Through conceptual art, teaching, and performance, Dougé devotedly strives to empower and to forge broad understanding of the contributions of Black people, declaring that her "voice is the first tool within my art arsenal." A freshly created video historically elaborates the character of Justice in Rhode Island, based on a Black American flag she'd created from synthetic hair, chicken wire and cotton. Justice has developed an activist persona and aura of her own, connected to the Haitian-American artist's public-facing "cultural vigilante" work. Dougé is based in the Bronx, New York.
My work incites conversations around women, health advocacy, sexual education, societal "norms," identity and Black pride. As a proud Black woman of Haitian descent, it's very important and fundamental to my practice to depict a more holistic description of who we are as Black people and what we have contributed. I use my art to exercise expression, enact empowerment and to serve as a bridge to connect and highlight those that are excluded and overlooked. My voice is the first tool within my art arsenal. Through provocative works, I aim to activate change and REFORM.
Rhode to Brown, 2020
HD Video, Color, Sound, 10:48
Video Still, Rhode to Brown, 2020
Photo credit: Tasha Dougé
Photo credit: Doerte Fitschen-Rath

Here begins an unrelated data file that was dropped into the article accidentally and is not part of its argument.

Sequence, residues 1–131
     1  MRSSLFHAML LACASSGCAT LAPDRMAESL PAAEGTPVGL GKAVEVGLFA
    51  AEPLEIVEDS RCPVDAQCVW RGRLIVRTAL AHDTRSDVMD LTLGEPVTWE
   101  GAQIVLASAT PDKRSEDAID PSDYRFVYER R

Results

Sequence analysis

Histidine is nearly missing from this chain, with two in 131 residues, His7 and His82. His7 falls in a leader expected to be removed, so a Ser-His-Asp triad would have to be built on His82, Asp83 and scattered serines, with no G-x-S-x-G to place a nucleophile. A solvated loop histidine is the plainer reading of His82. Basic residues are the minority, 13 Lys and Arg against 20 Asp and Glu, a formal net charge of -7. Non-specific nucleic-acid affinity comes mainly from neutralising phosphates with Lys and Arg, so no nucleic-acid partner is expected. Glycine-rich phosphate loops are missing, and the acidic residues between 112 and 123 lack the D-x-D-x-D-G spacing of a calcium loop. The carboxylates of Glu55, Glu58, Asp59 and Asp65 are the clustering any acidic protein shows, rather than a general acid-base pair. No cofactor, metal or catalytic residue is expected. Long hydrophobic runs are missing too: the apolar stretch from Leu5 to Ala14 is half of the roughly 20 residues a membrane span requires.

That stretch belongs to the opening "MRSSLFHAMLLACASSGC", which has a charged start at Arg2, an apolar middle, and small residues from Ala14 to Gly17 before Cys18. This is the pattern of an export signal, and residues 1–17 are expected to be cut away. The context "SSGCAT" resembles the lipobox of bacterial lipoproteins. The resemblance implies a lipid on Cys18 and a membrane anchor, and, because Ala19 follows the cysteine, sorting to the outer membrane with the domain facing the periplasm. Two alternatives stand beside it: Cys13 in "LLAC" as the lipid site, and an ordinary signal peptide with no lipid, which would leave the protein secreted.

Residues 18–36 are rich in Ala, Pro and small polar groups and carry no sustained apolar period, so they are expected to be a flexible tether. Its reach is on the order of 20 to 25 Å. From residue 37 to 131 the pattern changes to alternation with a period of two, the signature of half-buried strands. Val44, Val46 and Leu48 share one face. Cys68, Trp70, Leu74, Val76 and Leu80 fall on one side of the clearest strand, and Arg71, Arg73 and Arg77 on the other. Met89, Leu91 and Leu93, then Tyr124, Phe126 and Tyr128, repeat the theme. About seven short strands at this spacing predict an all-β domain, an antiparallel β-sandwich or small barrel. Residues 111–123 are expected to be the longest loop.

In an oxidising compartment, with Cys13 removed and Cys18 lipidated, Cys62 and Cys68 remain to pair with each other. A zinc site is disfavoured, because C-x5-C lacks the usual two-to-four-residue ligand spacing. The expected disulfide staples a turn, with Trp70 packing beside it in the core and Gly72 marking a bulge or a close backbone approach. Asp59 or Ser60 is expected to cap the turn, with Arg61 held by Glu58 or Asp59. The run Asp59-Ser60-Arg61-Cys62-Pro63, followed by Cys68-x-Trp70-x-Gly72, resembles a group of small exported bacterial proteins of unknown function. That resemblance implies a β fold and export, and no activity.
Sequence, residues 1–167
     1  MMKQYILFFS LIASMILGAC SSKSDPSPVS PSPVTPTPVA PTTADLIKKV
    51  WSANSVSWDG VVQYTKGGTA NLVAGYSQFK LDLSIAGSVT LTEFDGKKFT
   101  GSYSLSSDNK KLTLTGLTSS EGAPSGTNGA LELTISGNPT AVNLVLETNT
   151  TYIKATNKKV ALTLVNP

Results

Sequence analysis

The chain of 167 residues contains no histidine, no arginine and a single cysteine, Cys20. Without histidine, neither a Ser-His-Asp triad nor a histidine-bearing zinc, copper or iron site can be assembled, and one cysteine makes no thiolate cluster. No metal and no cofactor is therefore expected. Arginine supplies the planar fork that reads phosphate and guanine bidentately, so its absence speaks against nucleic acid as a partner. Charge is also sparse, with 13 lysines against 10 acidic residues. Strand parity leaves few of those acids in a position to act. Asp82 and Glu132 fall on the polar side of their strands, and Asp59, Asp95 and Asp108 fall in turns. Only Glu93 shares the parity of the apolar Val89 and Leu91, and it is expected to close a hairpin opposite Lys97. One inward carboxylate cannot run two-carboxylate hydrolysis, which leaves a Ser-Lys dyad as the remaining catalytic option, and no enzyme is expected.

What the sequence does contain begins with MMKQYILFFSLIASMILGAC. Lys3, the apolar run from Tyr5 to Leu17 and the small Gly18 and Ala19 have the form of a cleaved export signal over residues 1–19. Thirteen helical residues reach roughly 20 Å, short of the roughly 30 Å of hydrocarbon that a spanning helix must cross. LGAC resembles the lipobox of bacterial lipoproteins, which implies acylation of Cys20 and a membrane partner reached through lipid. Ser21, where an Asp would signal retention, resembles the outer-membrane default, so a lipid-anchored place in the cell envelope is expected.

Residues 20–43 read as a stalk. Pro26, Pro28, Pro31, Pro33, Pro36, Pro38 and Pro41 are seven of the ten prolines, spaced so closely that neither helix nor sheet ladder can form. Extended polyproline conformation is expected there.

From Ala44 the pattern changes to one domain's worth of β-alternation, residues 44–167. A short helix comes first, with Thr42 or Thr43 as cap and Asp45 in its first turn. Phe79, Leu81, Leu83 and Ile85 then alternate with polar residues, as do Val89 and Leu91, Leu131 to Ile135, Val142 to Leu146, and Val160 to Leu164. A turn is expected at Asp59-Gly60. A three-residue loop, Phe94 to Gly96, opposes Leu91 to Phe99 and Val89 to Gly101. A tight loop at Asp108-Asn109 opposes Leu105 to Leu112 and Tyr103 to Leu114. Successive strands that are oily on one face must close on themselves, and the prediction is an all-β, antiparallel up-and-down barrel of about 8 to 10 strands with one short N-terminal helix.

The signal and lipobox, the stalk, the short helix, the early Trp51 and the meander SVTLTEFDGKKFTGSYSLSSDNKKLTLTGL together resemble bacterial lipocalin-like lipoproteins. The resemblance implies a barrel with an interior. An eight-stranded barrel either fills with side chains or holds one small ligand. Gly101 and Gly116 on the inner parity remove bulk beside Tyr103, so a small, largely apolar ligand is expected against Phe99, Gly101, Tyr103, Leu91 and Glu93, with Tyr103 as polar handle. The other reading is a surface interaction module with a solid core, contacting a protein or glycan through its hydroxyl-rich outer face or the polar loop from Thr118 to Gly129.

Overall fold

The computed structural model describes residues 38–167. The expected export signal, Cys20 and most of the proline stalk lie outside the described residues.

Justice, a 3-foot-by-5-foot Black American flag made of synthetic hair, chicken wire and cotton, was created at the height of the 2016 presidential election. She speaks about the contributions of enslaved Africans and their descendants to the foundation of this country. The inhumane system of slavery continues to show its insidious nature and residual implications in today’s society. Justice's message is still relevant.
Rhode to Brown is an original video that takes specific moments from Justice’s journey and correlates them to significant facts and narratives tied to Rhode Island and Brown University. Drawing from their timelines, RTB will highlight parallels at points of intersection between the plight for Justice and impact of slavery. Four years later, here we stand in the midst of another presidential election. This time COVID-19 has lifted the shroud of what was deemed a post-racial America. With masks on our faces, we witness systems of capitalism and social inequities become frayed. The question is, How can we preserve our humanity?
Tasha Dougé seated under Justice
Tasha Dougé is a Bronx-based conceptual mixed media artist, teaching artist and cultural vigilante. She has been featured in The New York Times, Essence magazine and Sugarcane magazine. She has shown nationally at the RISD Museum (Providence), The Apollo Theater (New York) and Rush Arts Gallery (Philadelphia). Internationally, Dougé has shown at the Hygiene Museum in Germany. She is an alum of the Laundromat Project's Create Change Fellowship, Urban Bush Women's Summer Leadership Institute, The Studio Museum of Harlem's Museum Education Program and the Caribbean Cultural Center African Diaspora Institute's Innovative Cultural Advocacy Fellowship.